BOSTON—They were made for each other: bigger-than-life celebrity artists who appeared invincible in public but navigated through torturous private lives.
The deep friendship of the American writer Ernest Hemingway and the German-American actress Marlene Dietrich lasted from the 1930s to his death in 1961.
And the shape of that friendship was made much clearer last week, when a decade’s worth of his letters to her came to light for the first time.
Like much of Hemingway’s correspondence, these letters are frank, unrestrained, personally revealing, extremely playful and peppered both with testosterone and fawning adulation.
At the time he was an icon of mid-century American manhood. He loved to be thought of as a lover, even when he wasn’t.
Though she had recently become a grandmother, she was an icon of independent womanhood and equally defined by the vamps she played on screen, the burning sensuality of her voice and the peekaboo sexuality that accrues to Hollywood stardom.
By most accounts they never had an affair per se, but their correspondence amounts to a portrait of serious emotional bonding. They skated along a mercurial pond of mutual desire while accepting their fate to play out their lives with others, or, in her case, often painfully alone.
She addressed him as Papa. He called her Daughter or Kraut.
“When he was free, she wasn’t,” said Dietrich’s grandson, Peter Riva, an agent and television producer who helped highlight the correspondence in a recent event here at the John F. Kennedy Presidential Library and Museum. “And when she was free, he wasn’t. But both were very expert at the physical passion side of life.”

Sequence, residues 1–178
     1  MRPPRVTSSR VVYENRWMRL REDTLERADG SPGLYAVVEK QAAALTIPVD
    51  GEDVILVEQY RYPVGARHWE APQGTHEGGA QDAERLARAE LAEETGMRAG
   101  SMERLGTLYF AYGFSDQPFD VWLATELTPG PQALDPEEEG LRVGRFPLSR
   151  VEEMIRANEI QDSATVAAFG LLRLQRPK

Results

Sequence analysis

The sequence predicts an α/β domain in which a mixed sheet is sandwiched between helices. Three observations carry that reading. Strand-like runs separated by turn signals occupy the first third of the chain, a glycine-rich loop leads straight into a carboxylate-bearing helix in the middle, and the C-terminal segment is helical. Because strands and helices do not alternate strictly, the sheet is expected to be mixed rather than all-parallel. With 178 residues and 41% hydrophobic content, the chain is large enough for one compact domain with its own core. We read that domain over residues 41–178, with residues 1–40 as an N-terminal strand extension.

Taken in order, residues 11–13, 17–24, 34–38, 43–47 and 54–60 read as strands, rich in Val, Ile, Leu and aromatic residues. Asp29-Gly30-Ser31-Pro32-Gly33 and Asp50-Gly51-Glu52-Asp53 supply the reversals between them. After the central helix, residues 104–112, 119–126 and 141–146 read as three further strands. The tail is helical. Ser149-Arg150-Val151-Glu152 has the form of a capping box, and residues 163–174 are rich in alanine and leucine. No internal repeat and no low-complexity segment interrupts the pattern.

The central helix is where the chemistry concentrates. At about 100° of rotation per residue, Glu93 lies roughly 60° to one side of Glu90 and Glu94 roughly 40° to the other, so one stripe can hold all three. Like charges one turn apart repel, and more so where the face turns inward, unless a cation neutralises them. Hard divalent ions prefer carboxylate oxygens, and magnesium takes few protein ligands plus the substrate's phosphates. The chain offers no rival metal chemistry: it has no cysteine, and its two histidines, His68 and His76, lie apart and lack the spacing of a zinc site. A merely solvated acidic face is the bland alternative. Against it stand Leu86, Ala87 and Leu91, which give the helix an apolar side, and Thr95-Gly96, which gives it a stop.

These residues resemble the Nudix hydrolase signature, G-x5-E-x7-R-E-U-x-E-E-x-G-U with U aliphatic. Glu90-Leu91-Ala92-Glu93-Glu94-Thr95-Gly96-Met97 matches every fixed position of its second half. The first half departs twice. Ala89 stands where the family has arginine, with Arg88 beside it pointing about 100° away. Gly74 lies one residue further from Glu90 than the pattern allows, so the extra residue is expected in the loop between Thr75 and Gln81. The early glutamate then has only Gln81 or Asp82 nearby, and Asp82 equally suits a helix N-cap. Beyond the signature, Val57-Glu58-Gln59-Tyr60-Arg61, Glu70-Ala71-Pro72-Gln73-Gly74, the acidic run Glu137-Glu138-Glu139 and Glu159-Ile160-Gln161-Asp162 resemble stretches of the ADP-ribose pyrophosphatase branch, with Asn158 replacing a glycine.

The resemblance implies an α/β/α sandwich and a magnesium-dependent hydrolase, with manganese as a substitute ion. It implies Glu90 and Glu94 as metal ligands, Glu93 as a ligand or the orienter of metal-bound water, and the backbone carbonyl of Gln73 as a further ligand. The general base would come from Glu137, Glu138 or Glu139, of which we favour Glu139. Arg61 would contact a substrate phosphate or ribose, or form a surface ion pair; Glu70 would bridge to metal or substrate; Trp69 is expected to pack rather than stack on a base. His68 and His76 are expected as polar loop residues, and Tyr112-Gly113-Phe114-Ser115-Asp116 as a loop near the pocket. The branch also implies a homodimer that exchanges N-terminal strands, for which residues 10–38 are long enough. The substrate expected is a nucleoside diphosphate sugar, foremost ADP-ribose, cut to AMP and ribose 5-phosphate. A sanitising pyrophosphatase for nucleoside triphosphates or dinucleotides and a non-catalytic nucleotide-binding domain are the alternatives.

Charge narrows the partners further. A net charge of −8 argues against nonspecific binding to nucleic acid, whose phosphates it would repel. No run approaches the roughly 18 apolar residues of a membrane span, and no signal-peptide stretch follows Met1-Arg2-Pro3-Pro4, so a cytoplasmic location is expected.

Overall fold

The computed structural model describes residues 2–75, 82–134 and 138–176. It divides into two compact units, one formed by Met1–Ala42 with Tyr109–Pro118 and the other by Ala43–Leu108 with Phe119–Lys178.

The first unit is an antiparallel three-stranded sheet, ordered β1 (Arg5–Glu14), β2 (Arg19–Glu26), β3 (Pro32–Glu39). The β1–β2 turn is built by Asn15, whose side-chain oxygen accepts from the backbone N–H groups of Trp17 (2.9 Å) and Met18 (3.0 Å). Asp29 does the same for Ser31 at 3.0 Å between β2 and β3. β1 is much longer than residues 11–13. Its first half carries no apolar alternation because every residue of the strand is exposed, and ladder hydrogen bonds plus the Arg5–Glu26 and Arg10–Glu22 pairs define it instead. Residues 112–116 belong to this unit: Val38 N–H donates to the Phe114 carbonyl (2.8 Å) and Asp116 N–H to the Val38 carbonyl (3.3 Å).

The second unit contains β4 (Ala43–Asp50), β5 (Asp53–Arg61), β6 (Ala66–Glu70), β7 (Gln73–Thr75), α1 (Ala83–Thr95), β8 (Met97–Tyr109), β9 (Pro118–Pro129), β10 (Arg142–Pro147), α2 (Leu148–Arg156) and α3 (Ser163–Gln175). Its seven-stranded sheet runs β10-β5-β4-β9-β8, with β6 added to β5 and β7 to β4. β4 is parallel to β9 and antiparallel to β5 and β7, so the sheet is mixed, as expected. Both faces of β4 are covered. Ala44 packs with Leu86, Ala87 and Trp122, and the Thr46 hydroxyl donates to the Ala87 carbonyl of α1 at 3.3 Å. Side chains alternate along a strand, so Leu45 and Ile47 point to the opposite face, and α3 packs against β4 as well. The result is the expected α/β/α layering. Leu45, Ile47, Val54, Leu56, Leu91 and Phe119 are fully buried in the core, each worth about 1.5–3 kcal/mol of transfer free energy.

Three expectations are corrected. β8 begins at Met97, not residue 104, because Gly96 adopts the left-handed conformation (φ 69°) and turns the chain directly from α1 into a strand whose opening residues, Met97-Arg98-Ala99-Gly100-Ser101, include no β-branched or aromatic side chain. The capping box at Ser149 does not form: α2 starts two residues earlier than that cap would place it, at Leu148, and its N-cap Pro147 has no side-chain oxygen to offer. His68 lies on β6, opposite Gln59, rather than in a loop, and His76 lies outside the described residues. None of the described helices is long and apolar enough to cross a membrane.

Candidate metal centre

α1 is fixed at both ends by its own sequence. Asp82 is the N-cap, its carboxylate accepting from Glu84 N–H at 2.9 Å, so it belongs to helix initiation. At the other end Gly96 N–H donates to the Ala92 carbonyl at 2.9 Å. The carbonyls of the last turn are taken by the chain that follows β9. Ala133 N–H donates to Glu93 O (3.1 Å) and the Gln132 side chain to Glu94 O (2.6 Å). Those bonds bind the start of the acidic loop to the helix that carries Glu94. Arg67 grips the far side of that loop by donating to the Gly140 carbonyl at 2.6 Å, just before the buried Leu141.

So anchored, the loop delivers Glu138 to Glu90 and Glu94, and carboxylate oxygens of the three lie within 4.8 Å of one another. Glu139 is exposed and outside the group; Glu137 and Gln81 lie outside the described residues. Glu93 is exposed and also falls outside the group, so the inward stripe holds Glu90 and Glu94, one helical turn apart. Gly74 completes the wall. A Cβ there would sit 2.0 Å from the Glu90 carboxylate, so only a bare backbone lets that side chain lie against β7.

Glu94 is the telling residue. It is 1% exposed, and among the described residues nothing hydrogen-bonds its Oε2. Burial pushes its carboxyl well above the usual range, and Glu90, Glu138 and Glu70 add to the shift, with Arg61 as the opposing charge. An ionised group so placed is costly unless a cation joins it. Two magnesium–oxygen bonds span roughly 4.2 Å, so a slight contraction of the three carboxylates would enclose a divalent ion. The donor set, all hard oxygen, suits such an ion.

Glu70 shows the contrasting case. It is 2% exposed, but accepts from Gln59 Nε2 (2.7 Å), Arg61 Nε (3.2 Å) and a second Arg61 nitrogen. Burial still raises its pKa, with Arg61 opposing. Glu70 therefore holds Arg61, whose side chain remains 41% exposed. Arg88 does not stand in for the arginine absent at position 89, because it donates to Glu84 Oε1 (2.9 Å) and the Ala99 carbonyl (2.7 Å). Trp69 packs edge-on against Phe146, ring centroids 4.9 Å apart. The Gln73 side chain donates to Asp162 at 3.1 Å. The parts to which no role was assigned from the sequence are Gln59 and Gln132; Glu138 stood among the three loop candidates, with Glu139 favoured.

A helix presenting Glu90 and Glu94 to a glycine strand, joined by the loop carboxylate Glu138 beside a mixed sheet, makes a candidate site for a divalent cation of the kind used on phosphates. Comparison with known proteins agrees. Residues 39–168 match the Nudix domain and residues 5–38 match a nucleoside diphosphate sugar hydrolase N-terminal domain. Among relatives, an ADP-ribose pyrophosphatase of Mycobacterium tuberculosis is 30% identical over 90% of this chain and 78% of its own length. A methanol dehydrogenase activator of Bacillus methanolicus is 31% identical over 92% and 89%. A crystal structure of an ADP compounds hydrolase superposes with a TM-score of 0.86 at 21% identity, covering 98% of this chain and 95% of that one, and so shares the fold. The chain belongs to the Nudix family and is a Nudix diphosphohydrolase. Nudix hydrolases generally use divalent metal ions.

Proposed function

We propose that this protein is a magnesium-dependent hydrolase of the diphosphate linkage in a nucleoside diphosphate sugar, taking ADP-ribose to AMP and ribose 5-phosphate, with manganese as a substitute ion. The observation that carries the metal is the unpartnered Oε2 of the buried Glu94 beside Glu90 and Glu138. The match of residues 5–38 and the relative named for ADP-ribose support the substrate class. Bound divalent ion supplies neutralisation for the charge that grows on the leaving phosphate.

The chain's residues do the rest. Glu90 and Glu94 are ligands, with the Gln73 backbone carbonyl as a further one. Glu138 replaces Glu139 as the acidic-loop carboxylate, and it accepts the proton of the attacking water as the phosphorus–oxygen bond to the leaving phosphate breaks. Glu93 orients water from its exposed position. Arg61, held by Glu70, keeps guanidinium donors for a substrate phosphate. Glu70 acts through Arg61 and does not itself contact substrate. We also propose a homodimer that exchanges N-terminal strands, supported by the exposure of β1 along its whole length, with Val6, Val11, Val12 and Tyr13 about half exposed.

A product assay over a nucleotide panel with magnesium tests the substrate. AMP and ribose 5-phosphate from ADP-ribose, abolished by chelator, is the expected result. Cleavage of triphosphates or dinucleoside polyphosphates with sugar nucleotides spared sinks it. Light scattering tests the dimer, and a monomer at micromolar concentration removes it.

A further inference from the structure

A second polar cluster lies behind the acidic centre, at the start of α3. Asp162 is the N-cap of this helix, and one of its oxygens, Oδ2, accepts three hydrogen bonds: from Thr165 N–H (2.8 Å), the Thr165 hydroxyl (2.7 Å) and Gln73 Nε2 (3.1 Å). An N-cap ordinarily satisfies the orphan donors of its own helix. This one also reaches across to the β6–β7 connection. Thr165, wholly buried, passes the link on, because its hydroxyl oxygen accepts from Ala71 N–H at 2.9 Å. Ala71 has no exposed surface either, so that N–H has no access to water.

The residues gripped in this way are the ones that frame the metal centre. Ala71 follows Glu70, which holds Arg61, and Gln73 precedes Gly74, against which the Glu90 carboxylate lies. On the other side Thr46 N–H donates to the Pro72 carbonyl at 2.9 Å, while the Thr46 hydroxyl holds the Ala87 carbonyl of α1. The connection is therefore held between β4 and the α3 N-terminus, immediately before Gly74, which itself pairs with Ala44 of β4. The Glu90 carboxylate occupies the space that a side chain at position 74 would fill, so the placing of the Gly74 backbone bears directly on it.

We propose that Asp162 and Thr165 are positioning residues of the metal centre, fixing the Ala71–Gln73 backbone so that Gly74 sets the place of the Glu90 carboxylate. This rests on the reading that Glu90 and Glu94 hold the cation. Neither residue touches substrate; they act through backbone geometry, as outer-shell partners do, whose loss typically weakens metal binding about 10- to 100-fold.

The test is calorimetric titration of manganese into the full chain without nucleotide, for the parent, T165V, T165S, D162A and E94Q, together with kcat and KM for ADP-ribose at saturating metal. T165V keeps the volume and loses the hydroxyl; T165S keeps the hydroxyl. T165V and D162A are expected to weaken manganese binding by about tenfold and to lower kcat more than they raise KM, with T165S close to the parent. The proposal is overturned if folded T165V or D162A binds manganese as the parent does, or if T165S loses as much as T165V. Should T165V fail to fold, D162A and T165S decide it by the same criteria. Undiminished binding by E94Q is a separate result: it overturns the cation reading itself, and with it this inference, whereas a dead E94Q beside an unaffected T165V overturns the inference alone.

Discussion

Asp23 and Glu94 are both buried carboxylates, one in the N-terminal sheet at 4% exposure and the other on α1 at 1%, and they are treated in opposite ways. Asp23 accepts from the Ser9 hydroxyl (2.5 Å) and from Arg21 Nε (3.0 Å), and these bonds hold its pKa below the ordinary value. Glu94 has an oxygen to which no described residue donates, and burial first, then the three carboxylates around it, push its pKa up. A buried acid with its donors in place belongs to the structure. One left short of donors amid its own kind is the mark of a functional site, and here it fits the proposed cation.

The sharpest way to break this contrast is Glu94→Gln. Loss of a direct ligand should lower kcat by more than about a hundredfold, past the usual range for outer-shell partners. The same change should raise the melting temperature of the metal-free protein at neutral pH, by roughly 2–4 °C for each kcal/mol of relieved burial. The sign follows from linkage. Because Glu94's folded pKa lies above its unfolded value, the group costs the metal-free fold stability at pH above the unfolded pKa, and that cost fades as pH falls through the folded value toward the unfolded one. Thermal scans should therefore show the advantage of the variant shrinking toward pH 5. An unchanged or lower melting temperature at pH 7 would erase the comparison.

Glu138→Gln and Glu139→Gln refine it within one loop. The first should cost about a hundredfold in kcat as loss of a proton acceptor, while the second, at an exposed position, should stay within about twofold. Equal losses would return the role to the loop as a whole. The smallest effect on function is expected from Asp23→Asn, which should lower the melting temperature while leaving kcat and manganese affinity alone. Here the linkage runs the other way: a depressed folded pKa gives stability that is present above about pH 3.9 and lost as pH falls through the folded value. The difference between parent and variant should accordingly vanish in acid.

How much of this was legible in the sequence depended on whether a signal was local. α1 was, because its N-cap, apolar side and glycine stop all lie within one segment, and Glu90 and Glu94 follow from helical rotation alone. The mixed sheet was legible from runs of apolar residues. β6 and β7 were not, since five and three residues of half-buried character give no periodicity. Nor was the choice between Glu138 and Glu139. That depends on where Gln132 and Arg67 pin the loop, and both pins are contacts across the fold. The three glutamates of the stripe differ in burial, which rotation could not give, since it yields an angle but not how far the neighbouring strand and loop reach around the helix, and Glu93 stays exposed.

More often than not, Riva said, their letters were less about sexual attraction than about pumping up each other and easing each other’s pain. (“Nothing is worth being depressed about,” Hemingway once wrote to her, and he, as much as anyone, knew from depression.)
They also shared an extraordinary understanding of what it meant to be an artist.
“They were both,” Riva said, “absolutely devoted to the work ethic of their craft.”
Hemingway and Dietrich met by chance on an ocean liner, the Ile de France, in 1934, as they returned to the U.S. from Europe. She was a star actress, whose career had been launched in Germany (“The Blue Angel”) and continued to shine in Hollywood on the wave of the great migration of German movie makers.
At 35, he was already an acknowledged lion of American literature, the celebrated author of “The Sun Also Rises,” “A Farewell to Arms” and a body of luminous, violent and superbly crafted short stories.
By the 1940s they met again in Paris when he was a war correspondent and she was a top entertainer of American troops, a sequined salve for sore soldier eyes.
On April 2, letters from Hemingway to Dietrich were opened to the public. Dietrich’s daughter, Maria Riva, had given them a few years ago to the JFK Library’s Ernest Hemingway Collection, asking that they be kept under wraps until this year.
There they joined about the same number of letters and telegrams from Dietrich that had been part of the Hemingway archives for years. The JFK’s Hemingway Collection is the largest repository of the writer’s manuscript material and other memorabilia. His widow, Mary, had chosen the JFK in gratitude to President Kennedy, who let her travel to Castro’s Cuba to retrieve her late husband’s papers and other belongings.
With its African game trophies, books and neatly cataloged document boxes, the fifth floor Hemingway room is a regular magnet for researchers and scholars. Now the media have descended, and inquiries have come in from around the world. A photo of Hemingway and Dietrich sat on an easel, and a few telegrams and letters had been put under glass for inspection.